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This is a question about a specific proof presented in the book Introduction to Classical Mechanics by David Morin. I have highlighted the relevant portion in the picture below.

Claim 6.2

In the remark, he does this: $$ \begin{align} \sum_{k=1}^N \frac{\partial }{\partial q_k} \left( \frac{\partial x_i}{\partial q_m} \right) \dot{q_k} = \frac{\partial }{\partial q_m} \sum_{k=1}^N \frac{\partial x_i}{\partial q_k} \dot{q_k} \end{align} $$ He has essentially changed the order of differentiation from $\frac{\partial }{\partial q_k} \frac{\partial x_i}{\partial q_m}$ to $\frac{\partial }{\partial q_m} \frac{\partial x_i}{\partial q_k}$.

However, isn't this only valid if all the $q_k$ are independent?

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  • $\begingroup$ "...isn't this a very limited proof?" How would you prefer to generalize it? $\endgroup$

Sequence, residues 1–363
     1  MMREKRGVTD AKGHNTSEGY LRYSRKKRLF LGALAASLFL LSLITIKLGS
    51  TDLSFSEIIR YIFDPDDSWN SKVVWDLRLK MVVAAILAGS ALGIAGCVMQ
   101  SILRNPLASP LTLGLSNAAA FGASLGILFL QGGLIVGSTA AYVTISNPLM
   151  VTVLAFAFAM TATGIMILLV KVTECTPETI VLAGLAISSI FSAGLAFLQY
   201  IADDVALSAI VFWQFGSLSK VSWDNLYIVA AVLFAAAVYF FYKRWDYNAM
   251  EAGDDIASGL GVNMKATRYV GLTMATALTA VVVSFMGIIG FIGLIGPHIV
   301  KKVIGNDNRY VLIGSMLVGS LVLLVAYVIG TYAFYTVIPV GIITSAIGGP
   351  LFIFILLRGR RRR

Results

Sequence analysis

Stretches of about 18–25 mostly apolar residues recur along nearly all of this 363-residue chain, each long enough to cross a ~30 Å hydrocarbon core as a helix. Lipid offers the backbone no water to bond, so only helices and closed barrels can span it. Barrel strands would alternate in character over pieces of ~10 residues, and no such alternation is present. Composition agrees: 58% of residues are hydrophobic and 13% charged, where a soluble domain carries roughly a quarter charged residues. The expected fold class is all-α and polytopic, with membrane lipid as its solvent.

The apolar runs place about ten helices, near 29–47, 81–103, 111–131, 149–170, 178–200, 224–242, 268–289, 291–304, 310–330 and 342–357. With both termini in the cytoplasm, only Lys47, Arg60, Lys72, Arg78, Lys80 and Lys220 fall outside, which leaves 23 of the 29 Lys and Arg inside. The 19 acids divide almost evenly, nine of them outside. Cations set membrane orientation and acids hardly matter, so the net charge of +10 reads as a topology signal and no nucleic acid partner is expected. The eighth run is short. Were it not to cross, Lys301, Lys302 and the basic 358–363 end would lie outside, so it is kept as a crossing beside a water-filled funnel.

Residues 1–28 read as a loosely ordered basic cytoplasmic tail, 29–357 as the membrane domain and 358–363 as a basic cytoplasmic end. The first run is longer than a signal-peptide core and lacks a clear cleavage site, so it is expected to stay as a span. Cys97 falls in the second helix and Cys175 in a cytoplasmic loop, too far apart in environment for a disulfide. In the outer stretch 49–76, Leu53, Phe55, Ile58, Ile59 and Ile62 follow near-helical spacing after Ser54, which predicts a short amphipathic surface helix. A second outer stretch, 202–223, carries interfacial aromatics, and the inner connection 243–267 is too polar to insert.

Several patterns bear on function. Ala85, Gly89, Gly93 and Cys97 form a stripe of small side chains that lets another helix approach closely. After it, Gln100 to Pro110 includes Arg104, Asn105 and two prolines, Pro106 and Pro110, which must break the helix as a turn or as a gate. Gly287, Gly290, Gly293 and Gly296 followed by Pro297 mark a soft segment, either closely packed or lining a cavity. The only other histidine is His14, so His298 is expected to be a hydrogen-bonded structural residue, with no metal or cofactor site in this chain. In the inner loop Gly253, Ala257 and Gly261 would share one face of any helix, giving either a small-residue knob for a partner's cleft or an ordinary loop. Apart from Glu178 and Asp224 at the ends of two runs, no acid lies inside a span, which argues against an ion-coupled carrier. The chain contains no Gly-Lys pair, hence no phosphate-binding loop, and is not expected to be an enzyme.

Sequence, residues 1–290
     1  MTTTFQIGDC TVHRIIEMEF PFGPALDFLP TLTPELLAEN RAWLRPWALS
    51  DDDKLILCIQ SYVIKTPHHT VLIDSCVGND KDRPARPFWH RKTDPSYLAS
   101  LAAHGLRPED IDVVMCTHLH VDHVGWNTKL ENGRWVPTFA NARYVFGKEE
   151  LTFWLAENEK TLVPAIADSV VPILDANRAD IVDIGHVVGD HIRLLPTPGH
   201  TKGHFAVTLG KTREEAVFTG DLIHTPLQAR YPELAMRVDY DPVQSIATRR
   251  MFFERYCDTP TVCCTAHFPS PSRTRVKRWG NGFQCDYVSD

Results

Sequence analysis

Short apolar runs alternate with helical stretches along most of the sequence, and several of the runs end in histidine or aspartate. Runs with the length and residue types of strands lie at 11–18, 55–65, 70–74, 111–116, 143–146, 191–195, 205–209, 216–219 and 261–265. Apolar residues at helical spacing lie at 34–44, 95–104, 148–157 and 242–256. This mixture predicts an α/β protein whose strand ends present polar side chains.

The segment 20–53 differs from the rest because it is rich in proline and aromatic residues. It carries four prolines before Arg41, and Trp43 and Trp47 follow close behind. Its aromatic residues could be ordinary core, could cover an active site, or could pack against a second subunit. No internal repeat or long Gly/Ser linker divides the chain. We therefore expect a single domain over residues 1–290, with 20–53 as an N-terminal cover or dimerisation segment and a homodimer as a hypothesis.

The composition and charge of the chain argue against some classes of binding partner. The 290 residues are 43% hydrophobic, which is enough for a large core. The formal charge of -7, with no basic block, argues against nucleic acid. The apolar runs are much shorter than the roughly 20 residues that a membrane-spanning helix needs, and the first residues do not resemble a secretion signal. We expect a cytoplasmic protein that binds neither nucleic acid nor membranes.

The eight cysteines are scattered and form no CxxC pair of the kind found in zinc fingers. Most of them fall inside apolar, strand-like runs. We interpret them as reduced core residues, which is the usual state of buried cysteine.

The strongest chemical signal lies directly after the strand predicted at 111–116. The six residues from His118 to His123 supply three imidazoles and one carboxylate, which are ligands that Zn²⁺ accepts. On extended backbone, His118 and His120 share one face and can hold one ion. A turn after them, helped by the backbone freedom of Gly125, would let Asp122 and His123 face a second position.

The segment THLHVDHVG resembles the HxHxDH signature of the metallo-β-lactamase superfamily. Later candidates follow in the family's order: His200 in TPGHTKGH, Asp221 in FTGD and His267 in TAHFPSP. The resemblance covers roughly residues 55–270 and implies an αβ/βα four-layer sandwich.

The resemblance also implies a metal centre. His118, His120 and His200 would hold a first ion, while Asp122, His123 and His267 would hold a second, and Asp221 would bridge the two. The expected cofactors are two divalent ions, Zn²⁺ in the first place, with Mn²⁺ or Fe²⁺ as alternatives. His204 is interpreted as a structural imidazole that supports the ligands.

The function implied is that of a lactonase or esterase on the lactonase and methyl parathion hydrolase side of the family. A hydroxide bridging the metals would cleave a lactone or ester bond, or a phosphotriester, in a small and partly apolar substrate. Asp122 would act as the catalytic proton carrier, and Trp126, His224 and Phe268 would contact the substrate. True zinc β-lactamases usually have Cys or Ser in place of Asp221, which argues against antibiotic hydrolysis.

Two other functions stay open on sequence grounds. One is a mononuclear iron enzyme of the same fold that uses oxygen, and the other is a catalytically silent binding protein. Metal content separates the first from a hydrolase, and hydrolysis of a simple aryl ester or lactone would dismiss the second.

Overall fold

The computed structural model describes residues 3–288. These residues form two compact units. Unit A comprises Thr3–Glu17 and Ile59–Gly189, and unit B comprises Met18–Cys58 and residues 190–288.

– hft
    Jun 14 at 20:25

1 Answer 1

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Yes, the generalized coordinates $(q^1,\ldots, q^N)$ are assumed to be independent, i.e. no constraints, and the cotangent vectors $(\mathrm{d}q^1_p,\ldots,\mathrm{d}q^N_p)$ at each point $p$ are linearly independent. (This is a common assumption in textbooks.) The generalized coordinates $(q^1,\ldots, q^N)$ constitute an arbitrary local coordinate system for the configuration manifold $M$; in particular they may not be orthogonal.

See also e.g. this related Phys.SE post.

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  • $\begingroup$ Actually $x$ and $y$ are still independent since you can move one coordinate without also moving the other. $\endgroup$
    – Qmechanic
    Jun 14 at 20:37

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